We have a new group of fantastic interns that have joined MEC this summer; they are bright, eager, and ambitious. To see them brings back fond memories of my own internship the summer before my senior year of college, at a small advertising agency in New York City.
In reminiscing, I thought I could possibly impart some divine wisdom to future media and advertising professionals, thinking back to what I’d learned that summer. Oddly enough, while reflecting, I realized the most important lessons I’d learned were not while sitting at a copy desk listening to tag line attempts, making runs to buy cassette tapes (yes, cassette tapes, I said it) for a competitive product review, slicing pictures of basketballs for a Madison Square Garden mock-up ad, or even running boards down to a place near Houston Street.
For me, the most important lessons transpired during a commute one morning on New Jersey Transit (try to refrain from the Jersey jokes, please).
Prior to my internship, trips into the city were few and far between, so traveling by train wasn’t familiar to me. I went to school in a rural area, so mass transit at college was rarely a necessity. I was clearly a commuting novice, but I’d made the trip into Manhattan for weeks with little drama or issue, so was feeling good about it.
Until the day I jumped on the wrong train.
I was rushing to make the train parked at the station, and breathlessly leaped through the first open door in my view. As I stood in the vestibule, I heard the announcement on the speaker overhead proclaim the name of the next stop. The wrong name. Ultimately, the wrong destination. Since commuting was still new for me, I — in the simplest of terms — panicked. My first thought was to get off as quickly as possible, which unfortunately was my immediate reaction as well.
The train was gearing up to move on, but I tossed my bag in the door in order to make the jump back onto the platform. The train moved anyway. As my leg entered the doorway, a strong arm appeared out of nowhere, clotheslining me across the shoulders, pinning me back into the vestibule.
“Where do you think you’re going?” the conductor asked as the train gained speed and the doors slid shut.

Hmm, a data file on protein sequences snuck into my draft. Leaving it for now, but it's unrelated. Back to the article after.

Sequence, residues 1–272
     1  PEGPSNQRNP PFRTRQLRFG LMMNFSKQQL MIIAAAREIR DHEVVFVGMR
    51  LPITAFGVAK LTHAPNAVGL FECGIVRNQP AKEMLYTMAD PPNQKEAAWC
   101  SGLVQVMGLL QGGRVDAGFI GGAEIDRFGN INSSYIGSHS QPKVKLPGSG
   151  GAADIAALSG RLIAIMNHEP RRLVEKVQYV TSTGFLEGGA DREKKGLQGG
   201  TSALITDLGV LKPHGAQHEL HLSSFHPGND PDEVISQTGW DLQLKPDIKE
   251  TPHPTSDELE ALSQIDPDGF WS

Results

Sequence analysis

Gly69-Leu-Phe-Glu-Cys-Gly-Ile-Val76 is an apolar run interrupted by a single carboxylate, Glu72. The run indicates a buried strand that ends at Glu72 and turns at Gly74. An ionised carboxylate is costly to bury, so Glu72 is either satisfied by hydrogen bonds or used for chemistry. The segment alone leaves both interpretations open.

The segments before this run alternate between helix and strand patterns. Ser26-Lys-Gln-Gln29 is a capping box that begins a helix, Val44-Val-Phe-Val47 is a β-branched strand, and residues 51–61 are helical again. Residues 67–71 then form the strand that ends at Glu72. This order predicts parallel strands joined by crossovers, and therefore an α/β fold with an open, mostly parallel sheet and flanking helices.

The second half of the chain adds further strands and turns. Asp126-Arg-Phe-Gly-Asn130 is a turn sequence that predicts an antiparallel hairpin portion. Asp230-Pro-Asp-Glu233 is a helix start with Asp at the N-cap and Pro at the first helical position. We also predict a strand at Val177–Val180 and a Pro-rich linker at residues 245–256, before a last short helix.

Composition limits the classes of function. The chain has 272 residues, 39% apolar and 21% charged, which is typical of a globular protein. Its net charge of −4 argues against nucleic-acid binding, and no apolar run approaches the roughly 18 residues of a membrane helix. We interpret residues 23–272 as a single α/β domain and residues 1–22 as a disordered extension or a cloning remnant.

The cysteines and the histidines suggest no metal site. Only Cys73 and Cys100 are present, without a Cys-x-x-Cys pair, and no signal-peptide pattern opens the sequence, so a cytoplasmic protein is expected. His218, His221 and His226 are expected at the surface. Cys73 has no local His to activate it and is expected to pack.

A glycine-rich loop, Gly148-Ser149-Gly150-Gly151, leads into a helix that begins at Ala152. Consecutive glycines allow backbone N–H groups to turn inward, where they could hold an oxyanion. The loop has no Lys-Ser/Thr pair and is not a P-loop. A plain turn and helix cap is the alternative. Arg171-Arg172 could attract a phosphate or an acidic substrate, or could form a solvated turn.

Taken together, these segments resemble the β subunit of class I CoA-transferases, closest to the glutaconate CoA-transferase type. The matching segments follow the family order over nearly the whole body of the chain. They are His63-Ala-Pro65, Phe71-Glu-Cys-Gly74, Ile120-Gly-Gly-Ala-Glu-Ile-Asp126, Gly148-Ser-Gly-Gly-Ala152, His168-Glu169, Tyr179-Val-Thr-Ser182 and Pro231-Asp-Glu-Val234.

“I got on the wrong train,” I said, half embarrassed and half dejected, as my plan had failed. “I need to get to the city.” My voice shook a little as the panic set in. I didn’t know where I was going. To boot I might be late to work, and had no cell phone to make anyone aware.
He looked down at me curiously but patiently, and said simply, “You can change at the station two stops from here, and transfer to another train.”
He then looked out of the window and pointed to the brush and houses blurring by. “You made a mistake, but it’s not worth jumping into that,” he maintained.
“You’re going in the right direction,” he said, looking back at me. “All you need to do is make a detour. It’s not a big deal,” he confirmed gently. “Ticket?” He held out his hand and smiled.
In the end, what did I learn? What’s the divine wisdom I was hoping to share to this summer’s crop of interns, or aspiring media and advertising professionals?
I’m not suggesting in any way that my internship itself was for naught. I loved what I learned, the people I met, the breadth of knowledge that was shared. Everything I encountered helped me identify the media world as a career path; one I continue to love today. That’s a powerful thing to realize.
When you make a mistake, don’t panic.
Reacting quickly is fine, but make sure to think through options just as quickly: make the best judgment based on thought, not reaction.
Don’t be afraid to take detours or explore.
Take advice from experts; be open to collaboration.
When you make a mistake, learn from it. Most mistakes, if not all, are lessons in disguise.
I guess the bottom line is that sometimes, lessons are where you least expect it. And sometimes, it takes years for these lessons to come to light and make sense. But it’s always important that when something gets off track, you reflect on it, realize it, celebrate it, and pass it on to others. Having a decent laugh over how ridiculous it was in retrospect doesn’t hurt, either.